Last week saw IUCN and the IDB, the Inter-American Development Bank, sign a Memorandum of Understanding (MoU) for the first time.
“We are delighted to have the opportunity to work more closely with the IDB,” said IUCN’s Director General, Julia Marton-Lefèvre, on signing the MoU. “I am confident that there is much we can learn from each other’s experiences and we look forward to developing creative approaches that recognize the specificity, diversity and uniqueness of Latin American and the Caribbean region”.
Both IUCN and the IDB have a long history of working in Latin America, developing solutions to biodiversity challenges, working on cross-border issues, implementing on the ground programs and establishing networks with regional stakeholders, governments, non-governmental organizations and scientific institutions.
"Among financing institutions, the IDB is a point of reference in terms of environmental standards. As an important financer of infrastructure in South America, the IDB has an excellent opportunity to lead other financing institutions in the region in giving the environment the importance it merits in investment decisions. The alliance with IUCN will enable the IDB to play a leading role in mainstreaming the environment into investment decisions," says Joao De Queiroz, Director of IUCN Regional Office for South America.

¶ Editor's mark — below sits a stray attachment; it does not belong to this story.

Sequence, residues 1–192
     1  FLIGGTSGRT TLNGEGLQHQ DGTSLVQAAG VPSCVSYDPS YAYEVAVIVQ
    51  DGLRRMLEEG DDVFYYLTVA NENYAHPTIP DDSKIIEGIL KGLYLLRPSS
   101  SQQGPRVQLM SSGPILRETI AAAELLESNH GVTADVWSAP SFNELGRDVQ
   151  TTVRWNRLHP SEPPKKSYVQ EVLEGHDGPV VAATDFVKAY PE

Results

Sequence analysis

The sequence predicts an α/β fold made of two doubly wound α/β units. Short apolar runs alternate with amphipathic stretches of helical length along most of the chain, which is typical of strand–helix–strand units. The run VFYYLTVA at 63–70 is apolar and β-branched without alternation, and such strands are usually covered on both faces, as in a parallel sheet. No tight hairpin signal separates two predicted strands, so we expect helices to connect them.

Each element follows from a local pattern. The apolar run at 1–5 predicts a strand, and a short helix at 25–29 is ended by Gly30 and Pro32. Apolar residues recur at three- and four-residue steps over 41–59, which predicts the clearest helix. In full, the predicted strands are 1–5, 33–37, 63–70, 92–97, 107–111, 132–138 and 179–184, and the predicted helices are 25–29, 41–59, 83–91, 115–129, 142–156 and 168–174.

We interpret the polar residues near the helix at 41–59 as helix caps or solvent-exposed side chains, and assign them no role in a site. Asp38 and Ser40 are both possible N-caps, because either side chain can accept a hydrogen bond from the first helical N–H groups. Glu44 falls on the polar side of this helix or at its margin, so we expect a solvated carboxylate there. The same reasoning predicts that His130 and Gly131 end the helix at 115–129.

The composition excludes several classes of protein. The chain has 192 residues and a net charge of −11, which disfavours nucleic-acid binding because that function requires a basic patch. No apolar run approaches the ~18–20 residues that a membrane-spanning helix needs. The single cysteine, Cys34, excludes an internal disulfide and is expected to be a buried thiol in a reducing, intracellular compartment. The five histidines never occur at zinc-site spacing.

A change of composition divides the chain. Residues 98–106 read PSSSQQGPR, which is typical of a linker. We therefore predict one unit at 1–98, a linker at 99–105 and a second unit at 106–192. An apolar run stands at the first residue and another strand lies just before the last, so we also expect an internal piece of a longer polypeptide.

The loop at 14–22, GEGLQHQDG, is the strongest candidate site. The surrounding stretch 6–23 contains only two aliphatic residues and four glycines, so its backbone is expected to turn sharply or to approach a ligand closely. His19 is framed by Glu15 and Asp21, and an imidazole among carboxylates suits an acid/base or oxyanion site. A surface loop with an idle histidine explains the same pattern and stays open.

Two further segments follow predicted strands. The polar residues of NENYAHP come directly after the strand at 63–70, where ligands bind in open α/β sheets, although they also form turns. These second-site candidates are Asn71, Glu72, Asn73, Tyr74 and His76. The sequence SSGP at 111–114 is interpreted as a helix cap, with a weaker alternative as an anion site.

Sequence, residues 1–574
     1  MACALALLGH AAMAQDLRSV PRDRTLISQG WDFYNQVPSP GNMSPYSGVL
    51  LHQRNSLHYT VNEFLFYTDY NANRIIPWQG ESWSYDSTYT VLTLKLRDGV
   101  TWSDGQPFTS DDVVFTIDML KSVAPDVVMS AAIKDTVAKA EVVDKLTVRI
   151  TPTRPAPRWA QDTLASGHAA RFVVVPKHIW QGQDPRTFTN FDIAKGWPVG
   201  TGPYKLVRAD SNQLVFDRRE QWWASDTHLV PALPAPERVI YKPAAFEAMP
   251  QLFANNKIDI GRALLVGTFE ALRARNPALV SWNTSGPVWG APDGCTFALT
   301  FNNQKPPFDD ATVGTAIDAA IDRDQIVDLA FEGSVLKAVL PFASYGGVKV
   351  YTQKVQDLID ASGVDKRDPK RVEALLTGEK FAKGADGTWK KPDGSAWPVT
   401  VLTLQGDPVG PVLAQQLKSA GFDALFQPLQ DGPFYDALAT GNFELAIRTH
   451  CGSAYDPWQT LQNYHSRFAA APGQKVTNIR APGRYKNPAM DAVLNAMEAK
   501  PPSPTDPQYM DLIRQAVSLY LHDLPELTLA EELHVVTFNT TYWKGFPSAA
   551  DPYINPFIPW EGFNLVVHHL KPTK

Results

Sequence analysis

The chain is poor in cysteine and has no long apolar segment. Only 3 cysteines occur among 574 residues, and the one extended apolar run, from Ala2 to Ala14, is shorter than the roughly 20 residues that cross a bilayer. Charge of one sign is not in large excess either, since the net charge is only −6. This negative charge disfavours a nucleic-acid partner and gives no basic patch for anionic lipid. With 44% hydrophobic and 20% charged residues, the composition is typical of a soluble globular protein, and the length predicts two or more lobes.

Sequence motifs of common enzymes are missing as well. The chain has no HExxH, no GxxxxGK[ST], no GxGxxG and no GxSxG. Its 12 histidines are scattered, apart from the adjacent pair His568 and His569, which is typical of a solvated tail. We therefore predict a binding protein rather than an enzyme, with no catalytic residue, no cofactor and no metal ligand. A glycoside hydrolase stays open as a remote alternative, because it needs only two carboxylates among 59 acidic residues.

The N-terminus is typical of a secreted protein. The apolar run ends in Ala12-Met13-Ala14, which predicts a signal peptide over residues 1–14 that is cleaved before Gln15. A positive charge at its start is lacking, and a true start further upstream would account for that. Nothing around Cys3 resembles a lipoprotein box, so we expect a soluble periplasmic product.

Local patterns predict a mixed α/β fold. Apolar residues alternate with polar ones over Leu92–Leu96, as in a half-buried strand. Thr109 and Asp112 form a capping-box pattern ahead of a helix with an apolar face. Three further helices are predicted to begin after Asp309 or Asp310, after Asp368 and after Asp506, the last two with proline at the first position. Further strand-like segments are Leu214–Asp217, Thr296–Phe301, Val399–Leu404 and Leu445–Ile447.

As IUCN moves to build support for its Caribbean Initiative, which was launched at the 2008 World Conservation Congress in Barcelona, it is hoped that the IDB will share lessons learned from the region and play a role in providing greater visibility for Caribbean environmental issues and generating support for sustainable development needs.
“The future sustainability of the Caribbean region depends on effective and integrated regional approaches that address the special circumstances of small islands and the region’s ecosystems, resources and capacities,” explains Grethel Aguilar, Director of IUCN’s Regional Office for Mesoamerica and the Caribbean Initiative. “As we move to the implementation stage of IUCN’s Caribbean Initiative, promoting an ecosystems approach to building resilience and supporting adaptation to climate changes affecting livelihoods, we look forward to expanding IDB’s involvement across the Caribbean.”
Through this partnership, IUCN will play a pivotal role in strengthening the capacity of the Bank’s regional developing member countries to effectively address environmental and development issues related to climate change, marine, coastal and freshwater resources management, environmental and social impacts of infrastructure investments and poverty and gender equity.
“Climate change is forcing us to rethink many of our assumptions about development and economic growth,” said IDB President Luis Alberto “IUCN’s deep expertise in the areas of conservation and ecology make it a natural partner for the Bank. We are integrating climate concerns into the Bank’s entire lending portfolio, and IUCN’s experience in sustainability issues will enhance our ability to develop the practical solutions to mitigation and adaptation that our member governments demand.”